I may not always love you But long as there are stars above you You never need to doubt it I’ll make you so sure about it God only knows what I’d be without you I ask TPB how they want to celebrate, or mourn, when all this is over.

“Oh, well cook what you want. If you know what you want to cook then do that.” “No I didn’t mean that. I’m happy to cook chicken, I like chicken. What sort of chicken would you like?” Man exhales loudly, “Chicken is fucking chicken. Do you want me to cook?”

Perhaps with a shot of Captain Morgan?

“No I’m happy to cook, unless you want to cook?”

“Yeah,” they say. “Our best friends’ names are Morgan, Jim and Jack”, Fredrik says with a smile. I thank TPB for letting me document the discussions that take place inside the red school bus, outside the district court, straight after the trial, on that cold February night. I leave them and, silly as it is, catch myself saluting them. Not knowing what will happen next week, next month or next year for file sharing, the internet and TPB, somewhere in my head, in the background of my thoughts, a song is still playing –

“I don’t want to cook, but if you do chicken can you make sure you cut it like I showed you because when you don’t it loses...” he exhales again.

God only knows what I’d be without you. NOTE: In March the three members of Pirate Bay were jailed for a year. In June company Global Gaming Factory X proposed they’d buy Pirate Bay in August for $US7.8M, with customers paying for their downloads. The deal has not yet closed. 28. The Rashomon Effect

“Yeah, I’ll cook it like you said. You’re right, it tastes much better that way.” The woman gets up and exits the room. The man is left alone. He picks up his book and begins to read, we watch him for several minutes. We can hear the sounds of cooking from off stage, a pot clanging, the fridge opening, and chicken being chopped. The woman reenters the room with a board with chicken on it. “Is this about right?” She says. The man doesn’t look but says “its fine I’m sure”. She hovers for a moment unsure of whether asking further is the right thing to do. She goes to leave but stops. “You didn’t even look.” She states somewhat timidly, coyly. He sighs, puts down his book and says “I must have shown you several hundred times how to cook a chicken... and look you still haven’t done it right. You’ve cut it too small. It’s just going to dry up and taste of nothing. It’s a waste of fucking money.” He delivers this speech with little emotion; it is simply well rehearsed, bored and tired. The woman stands, unsure of herself, unsure how to react and whether being upset will The Rashomon Effect 09.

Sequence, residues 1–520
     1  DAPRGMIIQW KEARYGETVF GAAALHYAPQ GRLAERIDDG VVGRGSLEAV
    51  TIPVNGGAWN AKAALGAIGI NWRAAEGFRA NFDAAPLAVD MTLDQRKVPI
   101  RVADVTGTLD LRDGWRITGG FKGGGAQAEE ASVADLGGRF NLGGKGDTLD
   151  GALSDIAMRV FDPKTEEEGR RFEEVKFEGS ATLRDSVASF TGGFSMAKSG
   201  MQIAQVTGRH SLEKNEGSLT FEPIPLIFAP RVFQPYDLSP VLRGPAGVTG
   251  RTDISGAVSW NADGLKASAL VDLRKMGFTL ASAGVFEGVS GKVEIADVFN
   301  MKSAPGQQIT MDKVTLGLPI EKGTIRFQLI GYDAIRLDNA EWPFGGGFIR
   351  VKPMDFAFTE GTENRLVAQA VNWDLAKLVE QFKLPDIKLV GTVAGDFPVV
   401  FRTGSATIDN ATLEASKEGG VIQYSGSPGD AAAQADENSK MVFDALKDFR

simply fan the now well-lit and dangerous flicker of his fire. He stares at her awaiting the response, what’s it to be? Tears? Offers of apology? Threats to leave him? A chopping board full of chicken in his face? No, nothing so grand. “Um... well I’m sorry. You may have to show me again... Do you think the chicken can be saved?” He stares at her. (Pause) “Whatever I do to it won’t change the fact you have cut it too small.” He sighs and runs his hand through his hair. He takes the board from her and walks out of the room. The woman stops for a moment and then follows. “No, don’t come in. I will do it. Honestly just go and sit down or something. Watch some T.V” The woman reappears in the living room and looks around it a little lost; she goes to the sofa and sits carefully beside the indent his body has left on it. She sits closer than we can imagine her ever having the nerve to when he is there. She picks up the book then puts it down; she lightly places her hand on the empty space beside her. She looks to the T.V, drawn to it somehow...

I am in the batter of a body of people who sit in the bus that was driven here all the way from Belgrade. It was parked just a few metres away from the district court of Stockholm and it will not leave until next week, when the trial is over. The atmosphere inside the red bus provokes memories from when I was little and sat in my secret tree hut. This bus is like a clubhouse. The pirate coach is a mobile headquarters for three organizations; The Pirate Office, TPB and The Pirate Party known for their positive feelings about file sharing over the Internet. They all have different functions in society. The only thing they have in common is that they believe in “free file sharing and free expression of thought”. That, and a shared obsession with the word ‘pirate’.

So here I am, sitting in a red bus filled with pirates, right?